Facility managers can follow this playbook to effectively engage staff members
The Skills Guide for Facility Managers details 10 must-have traits for those new to the industry
Earthquake preparedness involves a comprehensive effort on the part of institutional and commercial facilities to ensure the safety and health of occupants and visitors. But successful efforts go far beyond such steps. They also involve the adoption and use of building codes designed to address specific issues related to earthquakes. In the case of the recent Alaska earthquakes, building codes might be the key to the resulting minimal damage to buildings and the relatively few injuries and no deaths.
The magnitude 7.0 earthquake that rattled Anchorage cracked roads and collapsed highway ramps, but there were no reports of widespread catastrophic damage or collapsed buildings. There is a good reason for that, reports The Chicago Tribune.
A devastating 1964 Alaska earthquake — the most powerful on record in the United States — led to stricter building codes that helped structures withstand the shifting earth Friday. "Congratulations to the people of Alaska for being really prepared for this earthquake," U.S. Geological Survey Geophysicist Paul Caruso says. "Because a magnitude 7.0 in a city like that, you know, could have been significantly worse."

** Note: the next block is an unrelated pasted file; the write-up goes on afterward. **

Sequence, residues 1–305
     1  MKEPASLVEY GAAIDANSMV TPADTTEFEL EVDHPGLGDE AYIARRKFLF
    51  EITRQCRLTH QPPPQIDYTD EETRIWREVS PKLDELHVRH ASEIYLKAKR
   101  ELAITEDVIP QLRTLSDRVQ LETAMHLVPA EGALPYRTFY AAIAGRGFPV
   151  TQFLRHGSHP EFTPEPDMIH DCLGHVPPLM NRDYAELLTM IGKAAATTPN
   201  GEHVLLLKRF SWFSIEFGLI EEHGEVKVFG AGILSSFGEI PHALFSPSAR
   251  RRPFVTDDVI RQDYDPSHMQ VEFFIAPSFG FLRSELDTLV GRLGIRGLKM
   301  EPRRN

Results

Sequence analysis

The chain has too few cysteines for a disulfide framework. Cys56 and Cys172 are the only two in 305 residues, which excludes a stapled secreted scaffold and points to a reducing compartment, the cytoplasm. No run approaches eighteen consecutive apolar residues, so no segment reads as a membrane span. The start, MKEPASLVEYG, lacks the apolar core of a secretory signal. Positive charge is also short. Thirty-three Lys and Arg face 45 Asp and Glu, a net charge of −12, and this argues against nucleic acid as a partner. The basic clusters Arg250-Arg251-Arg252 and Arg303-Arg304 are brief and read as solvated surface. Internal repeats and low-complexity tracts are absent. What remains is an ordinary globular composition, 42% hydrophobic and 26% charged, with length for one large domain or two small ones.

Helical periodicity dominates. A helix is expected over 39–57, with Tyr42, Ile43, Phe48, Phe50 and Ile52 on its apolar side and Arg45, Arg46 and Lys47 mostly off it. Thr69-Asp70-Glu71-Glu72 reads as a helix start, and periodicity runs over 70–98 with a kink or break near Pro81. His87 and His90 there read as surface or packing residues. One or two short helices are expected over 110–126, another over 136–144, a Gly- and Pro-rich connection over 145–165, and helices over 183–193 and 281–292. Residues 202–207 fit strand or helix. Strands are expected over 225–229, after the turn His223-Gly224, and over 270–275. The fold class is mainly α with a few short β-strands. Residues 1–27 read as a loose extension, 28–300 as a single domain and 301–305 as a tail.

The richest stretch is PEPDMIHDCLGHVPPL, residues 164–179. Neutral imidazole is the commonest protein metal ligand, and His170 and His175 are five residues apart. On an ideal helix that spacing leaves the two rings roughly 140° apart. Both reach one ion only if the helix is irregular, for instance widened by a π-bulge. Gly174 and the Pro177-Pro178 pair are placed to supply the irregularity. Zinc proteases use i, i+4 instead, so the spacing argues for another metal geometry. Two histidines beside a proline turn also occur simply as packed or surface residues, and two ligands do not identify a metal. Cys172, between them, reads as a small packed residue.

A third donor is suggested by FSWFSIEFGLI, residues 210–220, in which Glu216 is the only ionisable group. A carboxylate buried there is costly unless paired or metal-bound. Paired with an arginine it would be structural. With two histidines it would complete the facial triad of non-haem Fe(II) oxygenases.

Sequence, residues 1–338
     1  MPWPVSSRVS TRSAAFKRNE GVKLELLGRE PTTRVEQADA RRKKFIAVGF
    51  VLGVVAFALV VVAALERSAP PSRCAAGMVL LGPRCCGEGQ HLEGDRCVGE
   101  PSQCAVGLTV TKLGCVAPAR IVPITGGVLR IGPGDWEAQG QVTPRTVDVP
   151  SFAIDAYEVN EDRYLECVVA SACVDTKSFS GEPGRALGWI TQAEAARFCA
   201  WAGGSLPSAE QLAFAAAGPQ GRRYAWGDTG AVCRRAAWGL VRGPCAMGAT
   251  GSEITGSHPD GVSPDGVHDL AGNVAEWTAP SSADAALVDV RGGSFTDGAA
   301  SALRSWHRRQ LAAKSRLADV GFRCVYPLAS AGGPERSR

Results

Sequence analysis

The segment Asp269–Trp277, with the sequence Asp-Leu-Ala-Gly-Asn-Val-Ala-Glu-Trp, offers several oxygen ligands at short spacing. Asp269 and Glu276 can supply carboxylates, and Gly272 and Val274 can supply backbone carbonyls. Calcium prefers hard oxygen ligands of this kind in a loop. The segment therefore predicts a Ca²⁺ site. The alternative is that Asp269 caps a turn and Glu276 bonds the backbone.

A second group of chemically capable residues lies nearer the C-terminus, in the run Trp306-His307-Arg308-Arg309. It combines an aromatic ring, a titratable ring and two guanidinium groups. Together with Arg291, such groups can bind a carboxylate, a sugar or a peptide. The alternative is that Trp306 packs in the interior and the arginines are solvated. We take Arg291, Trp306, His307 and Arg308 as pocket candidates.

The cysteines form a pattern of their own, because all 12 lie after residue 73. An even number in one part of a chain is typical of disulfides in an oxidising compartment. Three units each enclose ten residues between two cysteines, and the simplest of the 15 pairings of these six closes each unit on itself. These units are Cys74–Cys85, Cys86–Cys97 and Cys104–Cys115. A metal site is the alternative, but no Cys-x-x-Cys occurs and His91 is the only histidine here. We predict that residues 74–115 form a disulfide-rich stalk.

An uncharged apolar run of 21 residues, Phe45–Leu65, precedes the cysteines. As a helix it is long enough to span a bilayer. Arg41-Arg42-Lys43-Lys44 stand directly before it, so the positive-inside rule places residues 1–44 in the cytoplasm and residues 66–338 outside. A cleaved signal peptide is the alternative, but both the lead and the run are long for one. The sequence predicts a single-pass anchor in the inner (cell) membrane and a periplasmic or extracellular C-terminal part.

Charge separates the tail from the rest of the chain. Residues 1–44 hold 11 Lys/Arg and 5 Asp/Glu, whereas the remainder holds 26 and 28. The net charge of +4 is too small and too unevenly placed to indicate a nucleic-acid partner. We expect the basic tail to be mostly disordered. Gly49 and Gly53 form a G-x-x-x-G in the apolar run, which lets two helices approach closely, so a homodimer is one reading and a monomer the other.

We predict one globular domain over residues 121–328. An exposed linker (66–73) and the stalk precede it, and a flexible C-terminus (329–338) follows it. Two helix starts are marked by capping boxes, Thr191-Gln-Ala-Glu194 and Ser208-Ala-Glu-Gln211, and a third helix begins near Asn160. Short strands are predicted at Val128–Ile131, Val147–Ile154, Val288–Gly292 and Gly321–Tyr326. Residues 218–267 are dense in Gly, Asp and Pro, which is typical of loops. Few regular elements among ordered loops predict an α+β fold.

The quake was centered about 7 miles north of Anchorage. People ran from offices or took cover under desks. A 5.7 aftershock arrived within minutes, followed by a series of smaller quakes. After the first earthquake, Alaska's largest hospital activated its incident command center, but the trickle of patients into the emergency room at Providence Alaska Medical Center in Anchorage was more like a normal workday and not a mass casualty event. The injuries were described as minor, and there were no patients with life-threatening conditions.
Dan Hounsell is editor-in-chief of Facility Maintenance Decisions, and Facilitiesnet.com.